Analyze and explain what defined Nixon as a president, as well as how the Watergate Scandal ultimately came to serve as his political demise. Students will be able to go in depth as to how Nixon functioned in the highest office, yet also how his ambition and ruthlessness proved to be his downfall in the Watergate Scandal.
By the end of this lesson your students will create amazing storyboards like the ones below!
Richard M. Nixon’s presidency is shrouded in both success and controversy. Having served several political positions, Nixon was a ruthless politician who cared very much about his public image. Hailing from California, Nixon first emerged on the political scene as a representative and senator. He then served as Vice President under Dwight D. Eisenhower from 1953-1961.
As a Republican, Nixon held conservative views. Elected to the presidency in 1968, Nixon came into office in the midst of the Vietnam War, which had been raging since 1964. He sought to eliminate any and every opponent, namely his political adversaries, the press corps, and leaders of the anti-war movement. However, his experience and staunch positions helped thrust him into the highest office, despite previous failed political campaigns for governor of California and the presidency itself in 1960.
In office, he tackled economic turmoil, backlash from the Vietnam War, and sought to promote new partnership between federal and state governments in what he deemed a “New Federalism.” In addition, Nixon achieved success on the international stage, improving relations with both the Soviet Union and China. Yet, these successes would soon be overshadowed in what would become the Watergate Scandal.
Although reelected in 1972, Nixon’s victory was soon swept away in scandal. Nixon’s back was against the wall when under investigation for burglarizing the Democratic headquarters and paying off defendants. With imposing Senate hearings and possible impeachment, Nixon resigned from the presidency in 1974. He entered office a favorable politician, and left as the most tarnished president in American history. Regardless, Nixon’s presidency and role in the Watergate Scandal forever changed the landscape of American politics.
Essential Questions for The Presidency of Richard Nixon and the Watergate Scandal
Who was Richard Nixon as a man? How did his character help define him as a president?
What major events and policies defined Nixon’s domestic and foreign policies?
How did Nixon respond to major crises such as the economy, Vietnam War, and social issues of the day?
How did Nixon and his reelection committee conduct itself in getting him reelected as president in 1972?
What was the Watergate break-in, and how did it bring scandal to the Nixon office?
How did Nixon respond to the allegations concerning the Watergate scandal, and what was the process through which he had to go? How does this process highlight the congressional and judicial actions in regards to such scandal?
What led to Nixon’s resignation?
What perceptions of Nixon existed both before and after the Watergate scandal? What, then, is Nixon’s legacy as a president?
The Presidency of Richard Nixon Lesson Plans, Student Activities and Graphic Organizers
Richard Nixon rose swiftly in the political sphere. Using the timeline layout, have students detail Nixon’s rise to the presidential office. Students will be able to explain and analyze how Nixon rose to the executive office, as well as what major events highlighted his eventual election. Students should highlight both his political successes and failures, as well as what positions Nixon held before becoming president. Students should also be made aware of what issues constructed Nixon’s platform as president, as well as what influenced his ideas and policies.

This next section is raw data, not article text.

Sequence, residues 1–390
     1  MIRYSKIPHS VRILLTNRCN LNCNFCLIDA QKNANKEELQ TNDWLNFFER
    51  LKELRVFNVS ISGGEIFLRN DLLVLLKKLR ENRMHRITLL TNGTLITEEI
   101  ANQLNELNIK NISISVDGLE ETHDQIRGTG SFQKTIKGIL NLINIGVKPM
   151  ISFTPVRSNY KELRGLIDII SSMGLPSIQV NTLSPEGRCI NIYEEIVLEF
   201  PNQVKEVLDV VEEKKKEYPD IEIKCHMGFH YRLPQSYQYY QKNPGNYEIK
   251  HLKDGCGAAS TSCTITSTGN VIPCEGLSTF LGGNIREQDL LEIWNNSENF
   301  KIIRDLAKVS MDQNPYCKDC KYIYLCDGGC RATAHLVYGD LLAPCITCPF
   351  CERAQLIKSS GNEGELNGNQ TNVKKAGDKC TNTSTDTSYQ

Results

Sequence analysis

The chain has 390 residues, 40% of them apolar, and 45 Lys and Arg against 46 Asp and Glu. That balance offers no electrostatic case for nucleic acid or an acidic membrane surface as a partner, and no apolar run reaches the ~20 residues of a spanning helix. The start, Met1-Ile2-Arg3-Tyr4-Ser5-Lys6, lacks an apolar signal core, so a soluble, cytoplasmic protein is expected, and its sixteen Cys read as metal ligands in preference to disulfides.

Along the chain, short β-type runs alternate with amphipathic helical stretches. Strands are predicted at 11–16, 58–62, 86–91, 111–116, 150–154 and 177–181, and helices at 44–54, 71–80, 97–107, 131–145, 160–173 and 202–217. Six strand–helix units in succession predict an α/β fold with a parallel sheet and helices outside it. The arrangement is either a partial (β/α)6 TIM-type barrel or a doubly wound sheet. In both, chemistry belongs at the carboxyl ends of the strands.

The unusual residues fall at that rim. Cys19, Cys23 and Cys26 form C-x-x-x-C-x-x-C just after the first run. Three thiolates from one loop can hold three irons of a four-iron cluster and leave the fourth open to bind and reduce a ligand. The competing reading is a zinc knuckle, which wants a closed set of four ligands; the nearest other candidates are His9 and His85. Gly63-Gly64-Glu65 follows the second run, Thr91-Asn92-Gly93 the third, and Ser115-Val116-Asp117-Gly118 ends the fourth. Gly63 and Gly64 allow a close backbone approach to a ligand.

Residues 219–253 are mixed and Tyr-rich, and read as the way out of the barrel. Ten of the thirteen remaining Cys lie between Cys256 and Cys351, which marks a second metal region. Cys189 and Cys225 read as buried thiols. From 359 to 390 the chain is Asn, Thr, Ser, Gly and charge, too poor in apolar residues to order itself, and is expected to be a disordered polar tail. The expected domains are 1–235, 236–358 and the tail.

Example Nixon Timeline
1942 - Nixon in the Office of Price Administration
A young, ambitious lawyer, Nixon first emerged on the national political stage by serving as an attorney for the Office for Price Administration (OPA). The position had a profound effect on him and his views towards political policies.
1946 - Honorable Discharge from the Navy
After serving at various battle station assignments in the Navy, Nixon was honorably discharged, leaving with the rank of lieutenant. Nixon is credited with aiding pilots and servicemen, and notably ran the only hamburger stand in the South Pacific.
1946 - Elected to the House of Representatives
Running as a candidate for California's 12th district, Nixon was elected to the U.S. House of Representatives. Here, Nixon continued to make key political connections and had continued success, further advancing his quick rise in politics.
1950 - Elected to U.S. Senate
After serving in the House of Representatives, Nixon was then elected to the U.S. Senate, again representing California, his home state. His position helped catapult him onto Dwight D. Eisenhower's presidential ticket.
1952 - Chosen as Eisenhower’s Vice President
Nixon was chosen as Eisenhower's running mate on the Republican presidential ticket. He served two terms with Eisenhower. He also delivered his famous "Checkers" speech, as well as participated in the "Kitchen Debates".
1960 - Lost Presidential Race to Kennedy
After being nominated as the Republican presidential candidate, Nixon lost the 1960 presidential race to John F. Kennedy. The loss motivated Nixon tremendously, as he hated to lose.
1968 - Elected America’s 37th President
From 1963-1967, Nixon (as a private citizen) toured the globe promoting Republican candidates. In 1968, Nixon was chosen as the Republican candidate and defeated VP Hubert Humphrey and Alabama Governor George Wallace. Richard Nixon became the 37th president of the United States.
Have students create a timeline of Nixon’s actions as vice president under Dwight D. Eisenhower. This will give students a more expansive look at Nixon before he became president. Furthermore, it will allow students to go deeper into his political background and what influenced his actions in the future as president.
Nixon swept the election of 1972 in dominating fashion. However, the election would not go without controversy, as news of the Watergate scandal began to spread.